This is a 3 part reply to an article written by one, Mathew Otieno, a Kenyan, published on a mecatornet.com . This is Part 2.
Mr Otieno also commented on the various ‘threats’ supposedly made by the US.
I am a Ugandan, living and working in Uganda. Over the last 5 months, news has been rife with so-called threats. Most were not threats but assessments of possible results of the Anti-Homosexuality Act 2023. It is politically expedient by Ugandan politicos to label them ‘threats’.
For example, the US
is spending millions of US dollars annually in the HIV program for
research, prevention and treatment. This is at risk, because of the broad
provisions of the Anti-Homosexuality Act 2023, with a
reporting mandate of homosexuals to police, protecting ‘whistle-blowers’.
With Ugandan officials angrily denying any connection between the Anti-Homosexual legislation and Health programming, the US embassy had to, and did secure an assertion from President Museveni that health workers were not to report homosexuals to police. Only after that were funds released.
Shameful, yes. A comedy of errors, all self defeating, own goals scored by Uganda. Accusation of ‘blackmail’, ‘bullying’ by the US were bandied around. Our leaders were shamelessly claiming ignorance.., unfeigned.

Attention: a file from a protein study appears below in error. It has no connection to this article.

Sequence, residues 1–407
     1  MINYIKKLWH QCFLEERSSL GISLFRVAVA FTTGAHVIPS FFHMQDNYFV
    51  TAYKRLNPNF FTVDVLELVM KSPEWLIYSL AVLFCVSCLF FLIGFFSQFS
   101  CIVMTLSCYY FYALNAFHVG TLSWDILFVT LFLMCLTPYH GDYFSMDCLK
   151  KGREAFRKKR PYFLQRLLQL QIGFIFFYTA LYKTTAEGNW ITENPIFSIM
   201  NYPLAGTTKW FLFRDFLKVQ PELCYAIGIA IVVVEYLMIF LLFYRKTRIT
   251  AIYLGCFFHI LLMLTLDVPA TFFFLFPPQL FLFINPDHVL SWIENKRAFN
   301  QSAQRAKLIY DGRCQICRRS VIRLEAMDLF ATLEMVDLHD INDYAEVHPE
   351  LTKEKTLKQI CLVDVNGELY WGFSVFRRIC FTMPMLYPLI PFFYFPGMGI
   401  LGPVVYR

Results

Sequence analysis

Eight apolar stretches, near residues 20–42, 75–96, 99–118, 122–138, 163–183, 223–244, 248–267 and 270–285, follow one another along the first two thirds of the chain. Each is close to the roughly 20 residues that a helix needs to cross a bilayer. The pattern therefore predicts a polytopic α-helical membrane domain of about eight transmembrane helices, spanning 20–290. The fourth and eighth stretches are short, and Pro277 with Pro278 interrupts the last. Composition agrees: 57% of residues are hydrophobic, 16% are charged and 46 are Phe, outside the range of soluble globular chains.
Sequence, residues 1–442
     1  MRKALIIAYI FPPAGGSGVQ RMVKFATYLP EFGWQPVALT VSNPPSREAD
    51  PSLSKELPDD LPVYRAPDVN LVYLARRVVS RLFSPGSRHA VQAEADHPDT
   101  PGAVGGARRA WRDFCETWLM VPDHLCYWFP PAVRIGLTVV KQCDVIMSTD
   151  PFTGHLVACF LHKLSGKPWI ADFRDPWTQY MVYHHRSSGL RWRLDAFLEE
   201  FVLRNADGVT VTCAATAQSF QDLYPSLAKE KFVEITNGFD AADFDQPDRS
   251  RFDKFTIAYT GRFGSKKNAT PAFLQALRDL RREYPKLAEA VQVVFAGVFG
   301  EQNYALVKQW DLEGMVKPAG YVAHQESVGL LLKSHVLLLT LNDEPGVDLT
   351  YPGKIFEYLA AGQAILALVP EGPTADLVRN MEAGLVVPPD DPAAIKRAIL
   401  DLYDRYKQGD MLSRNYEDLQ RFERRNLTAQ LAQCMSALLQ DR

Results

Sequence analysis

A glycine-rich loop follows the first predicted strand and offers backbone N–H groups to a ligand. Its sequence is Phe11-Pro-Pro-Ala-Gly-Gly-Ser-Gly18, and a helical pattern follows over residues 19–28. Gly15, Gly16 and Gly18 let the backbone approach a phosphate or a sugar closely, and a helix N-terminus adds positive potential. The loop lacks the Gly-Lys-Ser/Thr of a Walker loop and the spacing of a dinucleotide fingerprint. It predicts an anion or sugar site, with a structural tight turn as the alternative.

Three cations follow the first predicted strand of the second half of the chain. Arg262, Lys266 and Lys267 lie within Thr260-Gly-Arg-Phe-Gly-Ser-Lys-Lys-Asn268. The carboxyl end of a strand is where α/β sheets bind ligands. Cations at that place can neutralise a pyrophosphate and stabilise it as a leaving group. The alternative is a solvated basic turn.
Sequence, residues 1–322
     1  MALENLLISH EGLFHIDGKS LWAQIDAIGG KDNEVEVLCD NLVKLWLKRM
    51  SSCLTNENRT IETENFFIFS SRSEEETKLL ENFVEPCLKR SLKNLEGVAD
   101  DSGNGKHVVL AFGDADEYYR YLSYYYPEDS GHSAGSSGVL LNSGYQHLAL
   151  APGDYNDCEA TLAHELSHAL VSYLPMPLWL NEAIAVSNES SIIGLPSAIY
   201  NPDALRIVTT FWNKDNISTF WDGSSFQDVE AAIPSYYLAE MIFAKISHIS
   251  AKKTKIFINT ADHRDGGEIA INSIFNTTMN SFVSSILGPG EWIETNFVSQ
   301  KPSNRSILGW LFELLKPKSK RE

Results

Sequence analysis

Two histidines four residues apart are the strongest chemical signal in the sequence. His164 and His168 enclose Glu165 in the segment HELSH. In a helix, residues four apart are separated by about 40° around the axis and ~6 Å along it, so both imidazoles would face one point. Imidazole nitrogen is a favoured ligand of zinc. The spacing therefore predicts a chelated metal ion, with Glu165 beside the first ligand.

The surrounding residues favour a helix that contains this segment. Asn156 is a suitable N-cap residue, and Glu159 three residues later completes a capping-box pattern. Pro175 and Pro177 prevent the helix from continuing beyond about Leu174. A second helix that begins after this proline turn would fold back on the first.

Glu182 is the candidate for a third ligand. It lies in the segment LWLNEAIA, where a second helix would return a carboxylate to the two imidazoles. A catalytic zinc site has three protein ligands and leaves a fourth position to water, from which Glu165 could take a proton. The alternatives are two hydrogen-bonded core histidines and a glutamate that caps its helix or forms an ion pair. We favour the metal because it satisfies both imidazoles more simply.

Another instance of bullying and threats, as reported widely, embraced by politicos in Uganda was international companies pointing out that the legislation was bad for business. Their concerns are valid. Facebook was banned in Uganda, after a tiff off, 2 years ago with Museveni’s government. Potentially falling foul of this law as ‘promotion of homosexuality’ is something the tech giants in ‘Open for Business’ have to consider seriously. That is, if they still want to do business in Uganda.
After the Anti-Homosexuality Act
2023 became law in Uganda, another widely reported instance of ‘bullying’ was
noted in the Ugandan press and by Ugandan politicians and anti-gay advocates, an
updated US travel advisory.
The responsible thing to do.., not a ‘threat’ or punishment, as conveniently assessed by Ugandan politicos. Of course it was totally predictable. The US has LGBTQ+ citizens, and it informs and admits responsibility to them.
And, it is stupid to think that Uganda, dependant on tourism, would attract LGBTQ+ visitors. That is not a threat. It is matter of fact logic and sense. Better, as Uganda Parliament’s public relations official smugly put it, ‘not to be gay in Uganda’.
The Anti-Homosexuality Act, 2023 is the law in Uganda. Its possible and probable results to tourism, business investment and others are logical, until politicos feel the need to claim heroic resistance to racism and colonialism and run to media reporting being threatened, as MP Peter Kaluma is doing in Kenya.